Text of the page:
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The highly-publicized case of the U.S. Securities and Exchange Commission (SEC) versus Ripple continues to raise interesting discussions, the latest being an insightful challenge to the SEC’s stance by well-known cryptocurrency attorney John Deaton. A strong proponent of Ripple’s digital token, XRP, Deaton’s recent remarks question the purportedly personal nature of a speech made by William Hinman, the SEC’s former Corporation Finance Director.
Unmasking the Hinman Speech
Deaton scrutinized Hinman’s contentious 2018 speech, wherein the SEC has been firm in asserting the remarks was purely Hinman’s personal perspective. However, Deaton draws attention to the numerous drafts and discussions that went into preparing the speech.
He shared, “There were 63 emails and 52 unique drafts of the Hinman speech. ‘FIFTY-TWO.’ That’s a considerable amount of effort for what is claimed to be a personal opinion.”
Awaiting the Release of Crucial Documents
Deaton’s challenge comes in light of an internal SEC email, tagged Exhibit 220, that surprisingly admitted, “XRP does not meet all elements of the Howey Analysis and is therefore not a security.” This revelation has ignited public interest, with many XRP enthusiasts anxiously awaiting the public release of summary judgment documents, especially those pertaining to Hinman.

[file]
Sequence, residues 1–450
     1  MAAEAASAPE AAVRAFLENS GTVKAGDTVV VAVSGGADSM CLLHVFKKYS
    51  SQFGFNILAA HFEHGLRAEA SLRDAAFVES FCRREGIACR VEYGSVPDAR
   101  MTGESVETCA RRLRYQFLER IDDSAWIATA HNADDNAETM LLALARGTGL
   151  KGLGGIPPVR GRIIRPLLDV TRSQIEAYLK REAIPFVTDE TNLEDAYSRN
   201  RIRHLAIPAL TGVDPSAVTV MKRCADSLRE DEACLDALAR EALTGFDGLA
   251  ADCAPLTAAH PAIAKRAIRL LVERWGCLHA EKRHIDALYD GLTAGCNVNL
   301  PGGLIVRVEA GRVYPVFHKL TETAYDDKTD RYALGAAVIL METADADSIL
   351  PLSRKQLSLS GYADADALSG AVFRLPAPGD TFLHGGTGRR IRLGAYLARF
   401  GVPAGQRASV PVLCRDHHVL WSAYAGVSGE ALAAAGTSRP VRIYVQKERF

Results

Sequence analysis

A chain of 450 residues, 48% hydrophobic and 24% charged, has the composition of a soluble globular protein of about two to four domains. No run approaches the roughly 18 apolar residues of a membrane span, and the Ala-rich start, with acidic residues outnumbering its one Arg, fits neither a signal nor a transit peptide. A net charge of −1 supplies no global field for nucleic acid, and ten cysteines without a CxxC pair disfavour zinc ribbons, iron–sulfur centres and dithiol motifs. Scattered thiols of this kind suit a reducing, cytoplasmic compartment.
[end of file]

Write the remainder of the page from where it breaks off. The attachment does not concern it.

In a previous Twitter post, Deaton expressed his anticipation for the disclosure of these emails. ‘
He asserted, “I predict even non-XRP holders, including Ripple critics, will have to objectively say that what the SEC did is flat-out wrong.”
According to the legal expert, questions about the rationale behind the SEC’s lawsuit against Ripple would intensify after these emails become public knowledge.
Settlement or Exposure?
The documents, including Hinman’s, are scheduled for release on June 13, 2023. Nonetheless, a segment of XRP supporters predicts that the SEC will opt for a settlement with Ripple prior to this date. They speculate that the SEC would find it more desirable to settle the case rather than expose Hinman’s documents, which could potentially undermine the commission’s enforcement activities in the cryptocurrency arena.